New Bill Would Defend Marriage From Sharks
September 19, 2006
WASHINGTON DC--Senator Bill Frist (R-TN) introduced a controversial new bill Tuesday that would severely limit the ability of sharks to "mutilate the institution of marriage until it is completely unrecognizable." "For too long, we've stood by as our most sacred institution has been thrashed, bit by bit, by these amoral predators," said Frist at a press conference, standing in front of a detailed diagram of a great white shark. "Marriage is a union between one man and one woman, and no shark should come between them with its powerful jaws and massive dorsal fin."
Bill S-691, also known as The Protection Of Marital Extremities Act, was co-sponsored by Mel Martinez (R-FL), who said that, as a devoted husband, he would not want his own twenty-five-year marriage to be split to pieces by a shark, and hinted that opponents of the bill were in fact aiding the fish in their "murderous ways."
"Liberals and Democrats would have you believe that sharks pose no threat to married couples," Martinez said. "They tell us that sharks should just be left alone to mind their own business, and they won't do anyone any harm. But we say it's time for those of us with backbone to stand up for what we believe in--before that backbone is torn violently from our torsos by these soulless, underwater killers."
Added Martinez: "Marriage is a sacred institution, but it is also very fragile, especially when coming into contact with the saw-edged teeth of a bloodthirsty bull shark."
Frist said it was vital that Congress act sooner than later.
"Sharks can smell a healthy, vibrant marriage from miles away, and it doesn't matter whether the couple are celebrating their fiftieth anniversary or are on their honeymoon--no one is safe," Frist said. He then held up a photo of a lifeless, newly caught shark hanging behind a happily married couple, which he said was meant to show sharks everywhere that the US government "means business."
"It's simply a matter of faith," Frist added. "And I have absolute faith that, if we do nothing, we'll see many more families torn apart."
Despite the fact that the bill calls for mandatory fines of up to $100,000 and a permanent designation on the Marriage Offenders National Registry for any shark found guilty under the new guidelines, some conservative groups still complain that it does not go far enough.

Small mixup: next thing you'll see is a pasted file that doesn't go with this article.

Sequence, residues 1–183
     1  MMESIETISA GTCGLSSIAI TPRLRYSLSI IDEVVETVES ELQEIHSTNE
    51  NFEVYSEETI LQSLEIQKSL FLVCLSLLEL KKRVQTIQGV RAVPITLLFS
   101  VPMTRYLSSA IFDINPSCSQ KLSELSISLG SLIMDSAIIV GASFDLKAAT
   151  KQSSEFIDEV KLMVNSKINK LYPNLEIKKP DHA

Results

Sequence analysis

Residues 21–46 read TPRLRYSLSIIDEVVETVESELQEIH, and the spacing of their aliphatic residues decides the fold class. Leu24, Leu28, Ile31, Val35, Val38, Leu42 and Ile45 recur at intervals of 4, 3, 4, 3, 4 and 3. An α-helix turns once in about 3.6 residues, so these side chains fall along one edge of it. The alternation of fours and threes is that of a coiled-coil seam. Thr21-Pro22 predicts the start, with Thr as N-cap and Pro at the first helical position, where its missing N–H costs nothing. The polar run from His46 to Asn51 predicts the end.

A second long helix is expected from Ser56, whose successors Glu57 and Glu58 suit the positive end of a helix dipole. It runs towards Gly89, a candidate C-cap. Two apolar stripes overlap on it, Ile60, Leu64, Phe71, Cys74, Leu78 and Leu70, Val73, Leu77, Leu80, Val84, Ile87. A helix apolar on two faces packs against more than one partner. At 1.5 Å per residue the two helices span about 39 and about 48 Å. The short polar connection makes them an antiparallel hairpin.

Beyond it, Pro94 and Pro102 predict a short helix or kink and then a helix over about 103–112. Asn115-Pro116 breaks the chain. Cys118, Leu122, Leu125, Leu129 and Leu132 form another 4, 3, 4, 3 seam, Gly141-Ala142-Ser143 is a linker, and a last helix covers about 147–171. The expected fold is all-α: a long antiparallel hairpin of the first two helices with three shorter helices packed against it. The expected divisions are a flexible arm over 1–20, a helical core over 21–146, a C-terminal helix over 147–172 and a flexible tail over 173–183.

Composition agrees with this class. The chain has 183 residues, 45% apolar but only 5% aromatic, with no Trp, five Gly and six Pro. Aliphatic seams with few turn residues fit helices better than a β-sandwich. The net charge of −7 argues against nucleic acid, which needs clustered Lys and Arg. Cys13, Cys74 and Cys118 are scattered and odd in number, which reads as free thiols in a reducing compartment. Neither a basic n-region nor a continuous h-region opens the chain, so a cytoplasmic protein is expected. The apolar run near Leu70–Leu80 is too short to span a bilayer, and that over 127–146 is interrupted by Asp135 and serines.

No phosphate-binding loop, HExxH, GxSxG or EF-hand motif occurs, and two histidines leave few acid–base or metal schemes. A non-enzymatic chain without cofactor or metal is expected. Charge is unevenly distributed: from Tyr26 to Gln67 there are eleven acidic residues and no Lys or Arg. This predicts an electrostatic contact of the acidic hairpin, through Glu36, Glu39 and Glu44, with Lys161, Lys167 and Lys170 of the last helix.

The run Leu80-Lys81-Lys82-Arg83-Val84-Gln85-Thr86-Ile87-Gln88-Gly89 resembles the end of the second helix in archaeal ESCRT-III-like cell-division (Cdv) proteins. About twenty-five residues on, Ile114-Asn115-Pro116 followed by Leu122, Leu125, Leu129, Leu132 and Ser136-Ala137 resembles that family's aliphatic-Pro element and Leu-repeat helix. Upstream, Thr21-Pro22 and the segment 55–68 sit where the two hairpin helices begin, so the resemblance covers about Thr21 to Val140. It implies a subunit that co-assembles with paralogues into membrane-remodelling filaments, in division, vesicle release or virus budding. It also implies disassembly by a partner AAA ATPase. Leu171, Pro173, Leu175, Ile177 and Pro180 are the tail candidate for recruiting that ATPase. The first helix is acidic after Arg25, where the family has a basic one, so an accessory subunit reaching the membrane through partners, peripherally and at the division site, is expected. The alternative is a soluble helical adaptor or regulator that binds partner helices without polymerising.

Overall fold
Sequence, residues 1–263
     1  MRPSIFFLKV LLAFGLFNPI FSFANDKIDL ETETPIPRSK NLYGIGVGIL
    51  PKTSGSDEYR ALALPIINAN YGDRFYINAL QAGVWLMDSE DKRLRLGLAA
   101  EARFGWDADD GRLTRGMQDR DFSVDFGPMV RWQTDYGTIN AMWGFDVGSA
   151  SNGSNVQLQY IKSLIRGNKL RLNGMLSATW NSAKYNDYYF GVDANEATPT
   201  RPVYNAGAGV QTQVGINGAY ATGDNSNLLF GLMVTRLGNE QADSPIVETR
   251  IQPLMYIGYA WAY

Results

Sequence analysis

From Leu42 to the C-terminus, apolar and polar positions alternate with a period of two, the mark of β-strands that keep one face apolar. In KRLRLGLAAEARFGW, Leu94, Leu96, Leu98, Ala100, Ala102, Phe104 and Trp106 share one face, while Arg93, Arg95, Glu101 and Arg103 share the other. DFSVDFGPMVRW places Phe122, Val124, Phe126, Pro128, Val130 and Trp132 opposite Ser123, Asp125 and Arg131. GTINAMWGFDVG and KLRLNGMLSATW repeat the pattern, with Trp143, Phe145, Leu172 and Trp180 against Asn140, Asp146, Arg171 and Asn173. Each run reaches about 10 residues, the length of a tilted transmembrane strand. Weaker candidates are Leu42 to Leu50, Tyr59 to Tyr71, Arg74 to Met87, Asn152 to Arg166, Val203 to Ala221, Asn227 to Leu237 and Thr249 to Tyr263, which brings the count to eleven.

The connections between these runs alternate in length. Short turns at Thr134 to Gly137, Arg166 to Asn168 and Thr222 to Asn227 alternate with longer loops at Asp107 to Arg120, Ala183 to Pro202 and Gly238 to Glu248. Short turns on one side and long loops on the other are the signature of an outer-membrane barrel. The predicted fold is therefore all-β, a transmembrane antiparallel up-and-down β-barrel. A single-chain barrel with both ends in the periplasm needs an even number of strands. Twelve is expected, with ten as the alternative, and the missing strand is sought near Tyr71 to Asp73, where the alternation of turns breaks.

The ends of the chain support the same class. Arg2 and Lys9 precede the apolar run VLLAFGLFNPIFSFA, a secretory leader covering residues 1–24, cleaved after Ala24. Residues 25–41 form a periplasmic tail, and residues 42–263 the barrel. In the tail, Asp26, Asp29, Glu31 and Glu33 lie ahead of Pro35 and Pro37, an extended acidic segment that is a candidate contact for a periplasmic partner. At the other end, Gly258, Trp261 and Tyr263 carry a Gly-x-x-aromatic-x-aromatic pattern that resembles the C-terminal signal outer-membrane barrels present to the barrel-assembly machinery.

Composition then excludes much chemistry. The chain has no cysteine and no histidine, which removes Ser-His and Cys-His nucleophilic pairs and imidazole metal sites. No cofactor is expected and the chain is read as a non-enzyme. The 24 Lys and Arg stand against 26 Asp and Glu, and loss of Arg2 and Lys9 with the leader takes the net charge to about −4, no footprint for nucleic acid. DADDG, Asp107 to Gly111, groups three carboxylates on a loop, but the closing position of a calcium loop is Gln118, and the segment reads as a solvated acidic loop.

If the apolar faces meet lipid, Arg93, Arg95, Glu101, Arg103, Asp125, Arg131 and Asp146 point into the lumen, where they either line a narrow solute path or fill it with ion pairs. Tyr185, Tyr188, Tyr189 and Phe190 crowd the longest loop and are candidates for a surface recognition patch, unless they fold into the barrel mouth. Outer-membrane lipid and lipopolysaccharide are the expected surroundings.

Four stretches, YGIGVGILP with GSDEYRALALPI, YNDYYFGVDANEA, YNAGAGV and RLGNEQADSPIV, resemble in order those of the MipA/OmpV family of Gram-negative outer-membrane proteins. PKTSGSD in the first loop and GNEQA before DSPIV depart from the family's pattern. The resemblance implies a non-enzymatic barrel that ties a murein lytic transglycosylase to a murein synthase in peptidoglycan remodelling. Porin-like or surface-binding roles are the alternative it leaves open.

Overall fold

"This bill focuses too much on the species who have attacked marriage in the past, such as the hammerhead, oceanic whitetip, and tiger sharks, but we need protection against all sharks," said Nathan Comino, president of The Quint Group, a conservative anti-shark think tank. "Scientific evidence shows that the once-indifferent whale shark is now angrier than ever over holy matrimony. We can't afford to ignore the facts."
Critics also complained that the language in the bill regarding jellyfish was too vague, leaving a number of loopholes whereby they could escape prosecution. According to recent polls, only 22 percent of voters who live in shark-infested areas on either of the country's coasts say they are "very worried" about the damage sharks could wreak on married couples, while that number jumps to 86 percent in more conservative, landlocked, regions of the South and Midwest--a statistic that opponents of the new bill are using to bolster their argument. "Republicans are once again playing the fear card, squashing the potential progress this country could make by accepting sharks into the mainstream," said Eli Pariser, a member of the liberal group Move On. "Yes, sharks look different and act different. But that doesn't mean they shouldn't have the right to choose their own lifestyles and swim with married couples."
While opponents of anti-shark legislation have been vocal, some Democrats who say they support sharks' rights have been careful not to oppose the bill outright.
"I believe they should be able to swim and feed as they always have, but I do not condone sharks attacking marriage," Sen. John Kerry (D-MA) said. "This is an issue best left up to the individual states, whose residents know better than anyone which of their waters are safe to be married in."
Frist remained confident, however, that the bill would have support in the Senate.
"The endless onslaught from activist judges, liberal media, and sharks ends today," Frist said. "Nor have we forgotten the other threats marriage faces, and this bill sends an unmistakable message to rattlesnakes, mountain lions, and lightning that we are dead serious about protecting marriage."